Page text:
Nevada Indian Country celebrates wins at the Legislature, including greater access to higher education for students
June 13th, 2021 - 2:00am
The legislation prioritized by Native leaders that cleared the lawmaking session include measures that waive fees at Nevada colleges and universities for Native students; prohibit racially discriminatory language or imagery in schools; and provide environmental protection for sacred sites, among others.
Native American Nevadans celebrated gathering for the first time since the pandemic began for pine nut blessing ceremony
May 23rd, 2021 - 2:00am
The gathering followed the annual pine nut blessing ceremony, meant to help yield plentiful pine nuts, a traditional food source shared among tribes throughout Nevada, come the fall season. The ceremony and subsequent gathering posed an opportunity for the communities to check in with one another and continue practicing traditions vital to the preservation of their cultures.
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Nevada lawmaker calls into question the history of Native American massacres, causing backlash from advocates
May 17th, 2021 - 9:00am
But Hansen pushed back on the historical accuracy of the massacres described in Spilsbury’s testimony and by Steele in a letter of support for the bill. During the hearing, Hansen argued that there were anomalies between the testimony and the historical record, including indications that U.S. Cavalry divisions were involved in the 1897 massacre while saying there was no cavalry in the region at that time.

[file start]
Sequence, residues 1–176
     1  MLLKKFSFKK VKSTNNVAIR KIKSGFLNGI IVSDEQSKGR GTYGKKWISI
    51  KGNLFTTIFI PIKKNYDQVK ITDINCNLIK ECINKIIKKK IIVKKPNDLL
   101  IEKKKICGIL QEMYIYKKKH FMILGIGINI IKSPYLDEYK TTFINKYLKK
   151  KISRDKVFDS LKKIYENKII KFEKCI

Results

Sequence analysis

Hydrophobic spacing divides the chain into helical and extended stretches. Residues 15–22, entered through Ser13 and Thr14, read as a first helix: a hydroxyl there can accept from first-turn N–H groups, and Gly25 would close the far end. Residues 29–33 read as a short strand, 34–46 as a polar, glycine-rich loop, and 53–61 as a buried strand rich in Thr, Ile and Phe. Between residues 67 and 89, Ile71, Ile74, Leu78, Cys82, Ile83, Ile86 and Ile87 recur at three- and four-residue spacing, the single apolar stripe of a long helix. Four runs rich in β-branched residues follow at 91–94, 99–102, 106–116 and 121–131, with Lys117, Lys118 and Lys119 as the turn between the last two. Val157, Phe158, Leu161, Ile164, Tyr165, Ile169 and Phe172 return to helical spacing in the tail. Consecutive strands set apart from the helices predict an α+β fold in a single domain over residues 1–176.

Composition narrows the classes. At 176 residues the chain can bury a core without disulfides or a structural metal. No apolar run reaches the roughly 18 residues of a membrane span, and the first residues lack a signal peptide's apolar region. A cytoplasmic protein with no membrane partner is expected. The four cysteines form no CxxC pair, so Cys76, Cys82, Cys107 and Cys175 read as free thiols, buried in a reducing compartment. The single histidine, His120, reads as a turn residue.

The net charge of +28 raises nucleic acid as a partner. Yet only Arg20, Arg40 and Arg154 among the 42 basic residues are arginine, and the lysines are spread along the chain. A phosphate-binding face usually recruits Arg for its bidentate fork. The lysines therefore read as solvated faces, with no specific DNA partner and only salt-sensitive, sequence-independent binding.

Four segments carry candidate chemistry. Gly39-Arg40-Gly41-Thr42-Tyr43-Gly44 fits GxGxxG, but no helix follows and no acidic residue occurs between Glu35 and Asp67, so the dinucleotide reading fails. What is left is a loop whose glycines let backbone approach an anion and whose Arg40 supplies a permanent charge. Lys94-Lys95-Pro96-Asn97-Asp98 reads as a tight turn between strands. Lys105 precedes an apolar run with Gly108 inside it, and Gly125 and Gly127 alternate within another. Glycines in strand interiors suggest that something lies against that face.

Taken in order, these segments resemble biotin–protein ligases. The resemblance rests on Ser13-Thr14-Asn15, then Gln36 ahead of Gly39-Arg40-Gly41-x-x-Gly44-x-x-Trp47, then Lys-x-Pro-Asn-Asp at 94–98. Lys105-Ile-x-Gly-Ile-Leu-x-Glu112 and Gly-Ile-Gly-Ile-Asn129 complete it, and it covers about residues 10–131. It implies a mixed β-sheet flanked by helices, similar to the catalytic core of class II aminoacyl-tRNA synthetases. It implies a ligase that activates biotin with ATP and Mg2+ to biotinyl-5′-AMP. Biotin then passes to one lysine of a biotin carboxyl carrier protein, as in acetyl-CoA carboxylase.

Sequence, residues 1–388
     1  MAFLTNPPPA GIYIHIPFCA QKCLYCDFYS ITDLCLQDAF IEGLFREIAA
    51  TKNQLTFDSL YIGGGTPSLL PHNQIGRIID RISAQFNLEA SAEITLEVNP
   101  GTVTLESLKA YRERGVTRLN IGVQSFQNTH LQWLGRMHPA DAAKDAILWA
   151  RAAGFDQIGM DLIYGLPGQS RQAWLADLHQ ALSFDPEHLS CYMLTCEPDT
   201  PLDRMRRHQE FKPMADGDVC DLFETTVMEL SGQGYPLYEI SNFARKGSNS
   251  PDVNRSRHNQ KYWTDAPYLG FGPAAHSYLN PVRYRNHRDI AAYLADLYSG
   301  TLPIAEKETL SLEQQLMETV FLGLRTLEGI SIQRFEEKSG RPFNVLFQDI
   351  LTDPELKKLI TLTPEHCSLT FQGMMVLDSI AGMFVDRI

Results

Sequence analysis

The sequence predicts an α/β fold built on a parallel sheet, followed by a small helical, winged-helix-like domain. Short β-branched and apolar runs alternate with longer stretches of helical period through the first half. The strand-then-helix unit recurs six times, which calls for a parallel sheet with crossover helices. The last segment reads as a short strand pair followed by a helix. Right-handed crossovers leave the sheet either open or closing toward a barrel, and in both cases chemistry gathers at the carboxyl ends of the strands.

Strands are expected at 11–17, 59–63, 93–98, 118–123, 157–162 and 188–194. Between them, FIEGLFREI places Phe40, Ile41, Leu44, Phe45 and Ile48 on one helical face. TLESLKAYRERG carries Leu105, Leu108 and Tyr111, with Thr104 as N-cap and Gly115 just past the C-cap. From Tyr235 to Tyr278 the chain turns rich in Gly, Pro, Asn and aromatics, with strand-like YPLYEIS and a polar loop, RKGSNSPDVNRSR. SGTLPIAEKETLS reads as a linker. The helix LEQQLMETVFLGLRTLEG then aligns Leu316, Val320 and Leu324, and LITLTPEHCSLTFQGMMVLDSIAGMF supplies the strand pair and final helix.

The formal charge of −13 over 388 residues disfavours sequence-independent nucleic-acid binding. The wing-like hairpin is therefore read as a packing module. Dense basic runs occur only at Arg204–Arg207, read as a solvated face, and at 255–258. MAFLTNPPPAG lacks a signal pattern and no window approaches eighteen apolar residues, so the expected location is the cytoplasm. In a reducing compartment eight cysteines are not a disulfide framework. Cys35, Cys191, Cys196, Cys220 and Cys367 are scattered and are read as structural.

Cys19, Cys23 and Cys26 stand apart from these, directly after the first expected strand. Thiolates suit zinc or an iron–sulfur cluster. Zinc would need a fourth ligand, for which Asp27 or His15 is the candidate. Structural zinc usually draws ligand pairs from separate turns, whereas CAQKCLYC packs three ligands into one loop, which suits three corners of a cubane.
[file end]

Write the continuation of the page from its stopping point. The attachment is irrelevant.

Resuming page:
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At the Legislature, tribes focused on environmental protections, tuition waiver bill
April 6th, 2021 - 2:00am
Now, tribal leaders and advocates are focusing their energies on priority issues at the Legislature, such as securing tuition-free higher education for Native students and protections for culturally sacred and environmentally sensitive areas.
Proponents of free college for Nevada Native students say it will right historical wrongs, strengthen tribes
March 28th, 2021 - 2:00am
Tribal leaders pointed to this history earlier this week during a legislative hearing in the Assembly Committee on Education as they testified in support of AB262, which would waive tuition and fees at Nevada System of Higher Education (NSHE) institutions, including two-year and four-year schools, for citizens of the state’s 27 tribes. It also would provide in-state tuition for citizens of federally recognized tribes outside of Nevada.
Indigenous leaders, environmentalists urge lawmakers to pass protections for sacred swamp cedars
March 17th, 2021 - 8:00am
This week’s Indy Environment newsletter looks at a legislative effort to protect a unique population of Rocky Mountain juniper trees in an area known as Bahsahwahbee, or “the sacred water valley” in Shoshone. For Indigenous communities, the area means everything.
Nevada tribes roll through vaccine process, feel hopeful for the future
March 14th, 2021 - 3:00am
The Pyramid Lake Paiute Tribe is one of many tribes around the state and country moving quickly through the vaccine rollout process, opening appointments and eligibility to the general tribal population 18 and over. There are more than 2,000 enrolled members of the tribe in Northern Nevada.
Vaccines arrive in Indian Country, but are met with hesitancy from some tribal members
January 24th, 2021 - 2:00am